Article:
First up is a comment on the Swaziland protests that were held last month. In case you missed that background info is here. For one of the first times ever since the wave of uprisings across Africa and the Middle East one South African paper, the Daily Maverick, had a live blog giving timely, informative accounts from the ground. However, made a curious remark by Manxoba Nxumalo (who has done a good job of covering the Swaziland protests) in an otherwise worthy post-protest analysis:
“Facebook has done what would have taken years to achieve in Swaziland had the pro-democracy groups used older and more orthodox forms of mobilisation. The Facebook group spoke to a new generation of youth that is more militant and angry; it galvanised them to action.”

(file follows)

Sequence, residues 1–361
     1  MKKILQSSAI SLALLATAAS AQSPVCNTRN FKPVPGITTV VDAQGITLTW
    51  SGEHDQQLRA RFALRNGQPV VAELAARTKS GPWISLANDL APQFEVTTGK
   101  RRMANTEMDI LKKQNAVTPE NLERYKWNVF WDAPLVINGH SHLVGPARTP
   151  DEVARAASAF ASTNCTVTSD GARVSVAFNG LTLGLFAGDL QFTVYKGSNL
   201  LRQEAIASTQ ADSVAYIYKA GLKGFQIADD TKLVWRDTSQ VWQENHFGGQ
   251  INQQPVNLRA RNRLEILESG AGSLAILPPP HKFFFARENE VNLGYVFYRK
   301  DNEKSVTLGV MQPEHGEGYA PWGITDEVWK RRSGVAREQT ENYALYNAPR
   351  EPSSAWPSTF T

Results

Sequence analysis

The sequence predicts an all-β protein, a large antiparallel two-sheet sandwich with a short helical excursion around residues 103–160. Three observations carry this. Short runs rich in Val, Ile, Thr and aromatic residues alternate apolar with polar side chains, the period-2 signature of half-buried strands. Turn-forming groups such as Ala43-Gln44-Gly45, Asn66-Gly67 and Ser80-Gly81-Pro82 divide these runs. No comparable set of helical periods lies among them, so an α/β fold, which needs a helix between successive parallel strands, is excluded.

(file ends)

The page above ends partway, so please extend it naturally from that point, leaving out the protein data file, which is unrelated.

Packaging this latest series of protests as the act of a tech-savvy generation, might be trendy but it is erroneous. Less than 1% of 1.4 million Swazis have access to the the internet. On the morning of the protest, the April 12 Uprising had just over 1600 members – many of whom had been added by friends and were not Swathi or in Swaziland and for some of those that were, they conscripted without consent as some commentors on the group's wall wondered how they were added to the group and even one girl, in a spirited defence of the divine right of kings called the group the 'work of Satan'. It might be en vogue, sexy and radical to write protest movements into 'a social media generation' narrative, but the truth is more complex and contradictory than what the media wants it to be. Its doubtful that the 7000 trade unionists, teachers, youth and veteran activists who marched on 18 March and the 1000 teachers prevented from marching in Mbabane, the capital on April 13 were a majority of young, avid Facebook users. Social media sites are great for garnering media attention for a cause, but it's important that journalists resist taking the easy way out and mythologizing revolutions and uprisings to construct the same image over and over again as if repetition and familiarity would make the cause more worthy. Living in an era with a 24hour news cycle where there is little time to pause and seek to present more complete pictures of these complex, ongoing processes it may seem convenient to attach a pre-existing label to something so 'it fits in with the rest' but truth is there's more to it. Instead of crediting Facebook for making it possible, credit Mohamed Bouazizi and the Tunisians and Egyptians for doing what seemed damn-near impossible. I'm sure Swazi trade unionists and teachers (plenty non-Facebookers among them) were probably more influenced by what they saw and read of north Africa's revolutions.